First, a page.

Filed under: Uncategorized | Tags: Alasdair Stuart, Black Nova, Dexter Vines, Ed McGuinness, Guardians of the Galaxy, Jeph Loeb, Jesse Alexander, Marte Gracia, Sam Alexander, Supernova
Written by Jeph Loeb
Art by Ed McGuiness
Inks by Dexter Vines
Colors by Marte Gracia
Published by Marvel Comics
Nova has always had kind of a bad rap. Even in the opening of A v X last year, Nova’s job was to fly to Earth, warn us about the Phoenix force and get knocked out. Given how the character is, unjustly, viewed as a thinly veiled Green Lantern-alike, that hardly seems fair. Now, I’m pretty sure a bum rap for their space cop is not the reason why Marvel are relaunching their science fiction titles. I suspect that has a lot more to do with the moderately imminent Guardians of the Galaxy movie (PLEASE LET THE RUMOURS ABOUT JASON STATHAM BEING THE VOICE OF ROCKET RACCOON BE TRUE! PLEEEEEEZ). Marvel have stated that their cosmic books are going to get a lot more important, soon, and the existence of Nova, the relaunch of Guardians of the Galaxy itself and the fact the Fantastic Four are currently on a year-long space roadtrip, all serve to bear that out.
But Nova, we’re told, is going to be very important to the immediate future of the Marvel Universe. This is where everything starts, to misquote Jack Harkness, and you’ve got to be ready. And that’s the beauty of it because whilst you most definitely are, Sam Alexander, the new Nova, absolutely is NOT. Sam is a student at the Carefree High School in the Mid-West. Sam is also the janitor, because his father, Jesse, is constantly late and frequently drunk. Sam is furious at his Dad, at his Mom for defending him, at the school and his fellow students, at the miserable little town in the middle of nowhere and most all at his father’s stories. Because when he’s sober, Jesse tells stories about being a Black Nova, part of an elite strikeforce in the Nova Corps, the Galaxy’s police…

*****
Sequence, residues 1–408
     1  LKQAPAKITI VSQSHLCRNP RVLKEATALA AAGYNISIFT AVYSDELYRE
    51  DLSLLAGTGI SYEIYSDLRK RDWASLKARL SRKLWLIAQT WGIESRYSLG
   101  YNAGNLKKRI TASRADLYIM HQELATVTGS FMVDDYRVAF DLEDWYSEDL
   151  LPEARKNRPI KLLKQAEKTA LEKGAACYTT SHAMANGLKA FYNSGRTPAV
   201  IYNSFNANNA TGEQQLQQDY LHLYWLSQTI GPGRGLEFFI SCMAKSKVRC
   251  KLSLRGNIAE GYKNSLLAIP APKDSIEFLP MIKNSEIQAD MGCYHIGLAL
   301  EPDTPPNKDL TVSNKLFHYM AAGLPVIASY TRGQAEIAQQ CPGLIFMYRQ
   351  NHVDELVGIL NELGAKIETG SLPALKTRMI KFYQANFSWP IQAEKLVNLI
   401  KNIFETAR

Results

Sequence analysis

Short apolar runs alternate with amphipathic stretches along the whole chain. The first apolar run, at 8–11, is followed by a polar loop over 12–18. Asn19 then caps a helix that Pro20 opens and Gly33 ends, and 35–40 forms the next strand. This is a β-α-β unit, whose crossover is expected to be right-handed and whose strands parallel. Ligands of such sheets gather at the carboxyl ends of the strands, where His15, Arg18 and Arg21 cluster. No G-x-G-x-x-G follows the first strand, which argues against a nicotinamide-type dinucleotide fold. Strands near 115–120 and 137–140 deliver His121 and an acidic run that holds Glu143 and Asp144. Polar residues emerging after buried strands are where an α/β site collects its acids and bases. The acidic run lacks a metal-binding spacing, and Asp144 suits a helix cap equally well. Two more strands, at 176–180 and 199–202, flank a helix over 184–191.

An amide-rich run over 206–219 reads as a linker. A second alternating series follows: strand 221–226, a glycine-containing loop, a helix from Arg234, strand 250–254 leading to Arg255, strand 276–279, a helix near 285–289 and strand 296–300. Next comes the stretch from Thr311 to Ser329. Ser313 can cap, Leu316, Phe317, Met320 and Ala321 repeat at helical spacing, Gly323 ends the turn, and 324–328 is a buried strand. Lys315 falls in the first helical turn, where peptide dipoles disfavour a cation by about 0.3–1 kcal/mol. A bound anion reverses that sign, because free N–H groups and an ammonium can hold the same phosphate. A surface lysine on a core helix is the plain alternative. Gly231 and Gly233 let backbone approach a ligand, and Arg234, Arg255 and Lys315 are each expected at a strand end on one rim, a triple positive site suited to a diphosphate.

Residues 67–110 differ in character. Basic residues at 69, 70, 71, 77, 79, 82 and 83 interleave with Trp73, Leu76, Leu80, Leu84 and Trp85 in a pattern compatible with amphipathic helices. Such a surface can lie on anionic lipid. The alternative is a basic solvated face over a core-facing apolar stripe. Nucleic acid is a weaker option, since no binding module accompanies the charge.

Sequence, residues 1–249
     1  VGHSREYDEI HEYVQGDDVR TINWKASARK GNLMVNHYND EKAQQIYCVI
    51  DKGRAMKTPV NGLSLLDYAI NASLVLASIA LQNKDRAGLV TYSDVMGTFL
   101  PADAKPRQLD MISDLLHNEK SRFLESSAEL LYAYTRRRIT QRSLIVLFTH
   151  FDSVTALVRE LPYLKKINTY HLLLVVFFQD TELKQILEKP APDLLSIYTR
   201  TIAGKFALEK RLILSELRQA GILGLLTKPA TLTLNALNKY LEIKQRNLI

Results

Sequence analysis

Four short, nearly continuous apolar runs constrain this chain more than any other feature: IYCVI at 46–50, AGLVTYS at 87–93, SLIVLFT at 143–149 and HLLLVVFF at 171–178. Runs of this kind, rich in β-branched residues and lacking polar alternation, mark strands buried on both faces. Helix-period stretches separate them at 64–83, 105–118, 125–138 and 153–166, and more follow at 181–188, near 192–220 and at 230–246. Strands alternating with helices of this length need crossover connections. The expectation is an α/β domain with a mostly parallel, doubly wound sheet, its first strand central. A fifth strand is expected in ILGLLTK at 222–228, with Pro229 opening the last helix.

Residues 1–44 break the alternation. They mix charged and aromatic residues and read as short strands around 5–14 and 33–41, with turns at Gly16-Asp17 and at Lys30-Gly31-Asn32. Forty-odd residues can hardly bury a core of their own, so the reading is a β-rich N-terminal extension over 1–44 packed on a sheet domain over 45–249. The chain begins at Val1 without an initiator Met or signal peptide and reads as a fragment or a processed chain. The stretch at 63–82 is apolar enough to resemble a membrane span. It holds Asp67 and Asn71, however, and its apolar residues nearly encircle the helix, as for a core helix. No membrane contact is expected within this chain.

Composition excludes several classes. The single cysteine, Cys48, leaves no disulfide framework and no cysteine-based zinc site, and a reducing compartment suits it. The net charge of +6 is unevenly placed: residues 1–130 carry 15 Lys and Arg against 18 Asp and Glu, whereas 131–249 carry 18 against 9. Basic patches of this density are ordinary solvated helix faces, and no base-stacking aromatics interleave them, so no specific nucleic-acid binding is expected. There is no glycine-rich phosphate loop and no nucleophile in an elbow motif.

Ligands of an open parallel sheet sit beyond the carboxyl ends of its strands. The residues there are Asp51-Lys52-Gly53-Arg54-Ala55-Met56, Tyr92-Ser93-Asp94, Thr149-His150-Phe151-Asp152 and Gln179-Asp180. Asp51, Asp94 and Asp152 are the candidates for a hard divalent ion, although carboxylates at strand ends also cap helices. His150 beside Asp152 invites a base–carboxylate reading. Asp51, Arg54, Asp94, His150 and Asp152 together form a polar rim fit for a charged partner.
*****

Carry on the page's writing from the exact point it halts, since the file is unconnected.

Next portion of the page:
Loeb turns in one of the scripts of his career with the first issue. From the opening, wonderfully cheeky ‘Previously’ against the backdrop of space to the closing moments where Sam finds out just how little he knows his father, the issue crackles along with real energy. Sam in particular is both instantly likeable and very sympathetic, a smart, good young man seething with rage at his life. He’s old enough to know better and, worse, old enough to wish he didn’t, meaning Jesse’s stories have lost their magic for him. However, he’s not so wrapped up in himself that he can’t see the good they still do Kaelynn. In fact, one of the book’s best moments is when Sam finds his sister worried about what will happen if their father is ever called back into service. Sam’s response is impossibly sweet, and kind, and clearly hurts like hell but that’s what good big brothers, and heroes, do.
Loeb deftly balances these small little character moments with huge, literally, action. Jesse and his Black Nova unit weren’t shy about property damage and you can almost see Loeb and artist Ed Mcguinness reveling in the opportunity to cut loose. The action here is fast, fluid and nasty, exactly as it should be. Plus, the revelation of the Black Novas’ existence, and their rivalry with the ‘Gold Domes’ is a neat way of expanding and refocusing the characters’ universe without contradicting what’s gone before.
Except of course, that might be the point. The book closes with a reveal I won’t spoil and the very realistic possibility that Jesse may not have been lying but he might not have been entirely truthful either…It’s a smart, subtle hook to end a first issue on and it made me want to read the next issue straight away. I honestly can’t think of a better recommendation.
This is the best Marvel Now! Title I’ve read since Hawkeye and Captain Marvel. Loeb’s script is smart, grounded, humane and has moments of real wonder scattered through it whilst Mcguinness, Vines, and Gracia on art, colors and inks give the book a rich, vibrant but lived in palette that suits its location perfectly. Gripping, epic and funny, Nova has relaunched with a hell of a first issue. If you’re old enough to remember The Last Starfighter, you’ll love this. If you’re not old enough to remember The Last Starfighter, buy it anyway, this is better. Highly recommended.
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